Gabbar Singh movie review
Dabangg sees remakes being made on the trot and fearlessly at that. Osthe in Tamil saw Simbu reprising Salman 'Chulbul' Khan.
Pawan Kalyan in and as Gabbar Singh in the Telugu adaptation sees him recapping the bald-faced one liners without impunity.
Regulation high flying kicks in slo mo by the leading man that even Tottenham midfielder Sandro - trending online for his martial art style kicks in the locker room - wouldn't dare act out.
That the Andhra Pradesh Police Officers' Association had earlier raised an objection to Pawan Kalyan's misuse of the police livery in the film considering he isn't a cop but wears the uniform anyway didn't seem to impact the opening response to the film; the audience wants its corrupt cops (or pretenders to the throne), revenge drama, family bonds and song interludes when the hyperbole gets a bit grating.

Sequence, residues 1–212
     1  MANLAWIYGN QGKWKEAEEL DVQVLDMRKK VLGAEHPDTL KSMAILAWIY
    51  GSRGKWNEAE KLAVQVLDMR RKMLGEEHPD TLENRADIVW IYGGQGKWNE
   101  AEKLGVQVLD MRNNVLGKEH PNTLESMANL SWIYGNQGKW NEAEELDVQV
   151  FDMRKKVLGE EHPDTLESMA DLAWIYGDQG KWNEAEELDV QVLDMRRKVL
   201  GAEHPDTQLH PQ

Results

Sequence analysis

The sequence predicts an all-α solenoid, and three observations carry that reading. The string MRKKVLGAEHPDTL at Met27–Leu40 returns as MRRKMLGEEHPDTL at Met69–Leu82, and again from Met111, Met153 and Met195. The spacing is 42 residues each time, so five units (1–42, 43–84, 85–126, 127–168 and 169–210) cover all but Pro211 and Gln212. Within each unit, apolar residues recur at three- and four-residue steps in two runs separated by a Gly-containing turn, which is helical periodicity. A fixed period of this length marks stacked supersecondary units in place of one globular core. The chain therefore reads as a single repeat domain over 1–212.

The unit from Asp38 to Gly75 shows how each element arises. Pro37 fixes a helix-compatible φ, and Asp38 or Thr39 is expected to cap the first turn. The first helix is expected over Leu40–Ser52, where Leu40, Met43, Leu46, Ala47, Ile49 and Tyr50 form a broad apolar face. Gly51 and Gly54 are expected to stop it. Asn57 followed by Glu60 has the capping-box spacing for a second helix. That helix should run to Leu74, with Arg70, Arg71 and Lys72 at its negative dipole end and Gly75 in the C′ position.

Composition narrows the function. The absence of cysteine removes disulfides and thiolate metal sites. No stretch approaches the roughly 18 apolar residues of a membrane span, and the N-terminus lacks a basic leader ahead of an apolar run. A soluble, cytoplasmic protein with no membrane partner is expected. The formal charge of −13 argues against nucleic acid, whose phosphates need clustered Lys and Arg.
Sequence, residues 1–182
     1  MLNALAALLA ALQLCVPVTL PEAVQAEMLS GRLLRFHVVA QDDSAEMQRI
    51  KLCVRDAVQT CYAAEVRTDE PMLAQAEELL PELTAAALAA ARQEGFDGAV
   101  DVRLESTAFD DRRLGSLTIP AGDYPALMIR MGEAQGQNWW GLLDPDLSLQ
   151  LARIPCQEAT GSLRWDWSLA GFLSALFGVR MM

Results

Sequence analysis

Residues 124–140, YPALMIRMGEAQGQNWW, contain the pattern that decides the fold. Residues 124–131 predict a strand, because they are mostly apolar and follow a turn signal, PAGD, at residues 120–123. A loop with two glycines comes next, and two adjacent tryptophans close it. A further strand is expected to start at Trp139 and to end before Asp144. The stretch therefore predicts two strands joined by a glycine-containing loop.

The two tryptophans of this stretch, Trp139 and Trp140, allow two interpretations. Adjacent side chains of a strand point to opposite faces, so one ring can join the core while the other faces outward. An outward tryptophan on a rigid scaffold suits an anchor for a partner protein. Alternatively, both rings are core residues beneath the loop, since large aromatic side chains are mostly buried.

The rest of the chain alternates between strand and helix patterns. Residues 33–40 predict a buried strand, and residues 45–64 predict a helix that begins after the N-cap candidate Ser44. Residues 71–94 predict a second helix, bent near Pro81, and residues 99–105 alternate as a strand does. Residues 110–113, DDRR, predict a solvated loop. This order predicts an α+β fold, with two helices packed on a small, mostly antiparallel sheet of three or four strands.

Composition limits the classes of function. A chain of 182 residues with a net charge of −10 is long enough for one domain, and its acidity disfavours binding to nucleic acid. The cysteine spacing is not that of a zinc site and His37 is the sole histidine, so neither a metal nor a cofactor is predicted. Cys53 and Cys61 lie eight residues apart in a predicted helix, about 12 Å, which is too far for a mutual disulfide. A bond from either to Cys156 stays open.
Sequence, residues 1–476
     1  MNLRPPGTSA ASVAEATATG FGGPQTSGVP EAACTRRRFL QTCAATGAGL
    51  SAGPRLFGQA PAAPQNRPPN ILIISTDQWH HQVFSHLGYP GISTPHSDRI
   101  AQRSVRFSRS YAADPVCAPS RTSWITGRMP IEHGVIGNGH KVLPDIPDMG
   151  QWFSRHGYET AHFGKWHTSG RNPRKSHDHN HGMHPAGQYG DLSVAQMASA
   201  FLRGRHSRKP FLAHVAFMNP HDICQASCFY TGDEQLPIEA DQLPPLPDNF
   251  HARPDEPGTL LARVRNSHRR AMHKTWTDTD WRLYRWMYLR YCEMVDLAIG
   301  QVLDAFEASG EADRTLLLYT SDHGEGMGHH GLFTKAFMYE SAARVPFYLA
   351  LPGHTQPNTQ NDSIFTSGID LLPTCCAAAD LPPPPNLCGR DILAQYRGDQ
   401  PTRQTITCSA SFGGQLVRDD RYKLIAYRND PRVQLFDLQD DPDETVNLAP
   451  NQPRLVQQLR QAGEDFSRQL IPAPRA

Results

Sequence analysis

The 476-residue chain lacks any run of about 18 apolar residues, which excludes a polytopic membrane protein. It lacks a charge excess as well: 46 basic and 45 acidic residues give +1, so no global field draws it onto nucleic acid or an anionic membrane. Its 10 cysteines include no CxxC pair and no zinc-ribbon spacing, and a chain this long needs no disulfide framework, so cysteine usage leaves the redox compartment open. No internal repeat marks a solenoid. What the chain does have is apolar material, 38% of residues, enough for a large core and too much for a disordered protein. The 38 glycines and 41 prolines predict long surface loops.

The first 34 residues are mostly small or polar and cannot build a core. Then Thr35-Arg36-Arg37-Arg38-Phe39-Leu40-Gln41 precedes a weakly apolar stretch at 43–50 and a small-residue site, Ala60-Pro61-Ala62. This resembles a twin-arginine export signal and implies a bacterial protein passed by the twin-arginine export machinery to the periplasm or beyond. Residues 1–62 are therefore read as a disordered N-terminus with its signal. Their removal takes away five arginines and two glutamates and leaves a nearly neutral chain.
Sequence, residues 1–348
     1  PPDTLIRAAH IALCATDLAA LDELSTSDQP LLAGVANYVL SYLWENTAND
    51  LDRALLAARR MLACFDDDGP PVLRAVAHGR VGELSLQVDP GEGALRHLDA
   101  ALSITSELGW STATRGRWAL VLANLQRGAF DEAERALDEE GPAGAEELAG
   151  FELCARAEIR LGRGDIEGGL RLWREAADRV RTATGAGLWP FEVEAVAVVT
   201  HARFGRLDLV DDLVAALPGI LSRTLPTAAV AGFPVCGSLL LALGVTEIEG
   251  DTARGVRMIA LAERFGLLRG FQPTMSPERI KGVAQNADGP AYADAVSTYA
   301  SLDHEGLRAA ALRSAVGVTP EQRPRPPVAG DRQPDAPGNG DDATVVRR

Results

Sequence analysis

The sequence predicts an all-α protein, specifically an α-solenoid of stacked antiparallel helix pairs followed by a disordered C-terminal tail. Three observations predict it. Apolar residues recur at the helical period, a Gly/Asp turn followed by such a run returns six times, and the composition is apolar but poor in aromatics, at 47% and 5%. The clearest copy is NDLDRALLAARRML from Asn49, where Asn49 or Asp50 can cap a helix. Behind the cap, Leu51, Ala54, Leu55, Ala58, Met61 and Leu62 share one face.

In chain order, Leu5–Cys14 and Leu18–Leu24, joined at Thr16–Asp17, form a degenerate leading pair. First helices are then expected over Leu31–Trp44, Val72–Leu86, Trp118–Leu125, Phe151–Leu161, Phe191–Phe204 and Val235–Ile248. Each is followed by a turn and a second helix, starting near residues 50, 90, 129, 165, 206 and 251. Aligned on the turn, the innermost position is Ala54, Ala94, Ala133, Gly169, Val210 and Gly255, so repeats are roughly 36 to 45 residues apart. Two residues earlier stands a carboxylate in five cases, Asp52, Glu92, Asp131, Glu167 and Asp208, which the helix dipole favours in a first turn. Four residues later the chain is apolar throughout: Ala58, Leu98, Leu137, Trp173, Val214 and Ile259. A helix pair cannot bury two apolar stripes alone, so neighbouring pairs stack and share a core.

Still too early to predict whether Gabbar Singh will do for Pawan Kalyan-Shruti Haasan what Dabangg did for Salman Khan-Sonakshi Sinha, but the music, we hear, is already a hit.
Now, it's a no-brainer why the film is called Gabbar Singh. Pawan Kalyan obsesses over the sadist dacoit made famous in Sholay and renames himself thus without ever having heard of a notary ever. But don't question logic, not when it's Gabbar Singh socking it up to Chhedi Singh, here called Sidhappa and played not by Sonu Sood but by Abhimanyu Singh (Remember Ransa in Gulaal?) who is a lawbreaker in his own right but understandably wants to be a legislator. Ho-hum.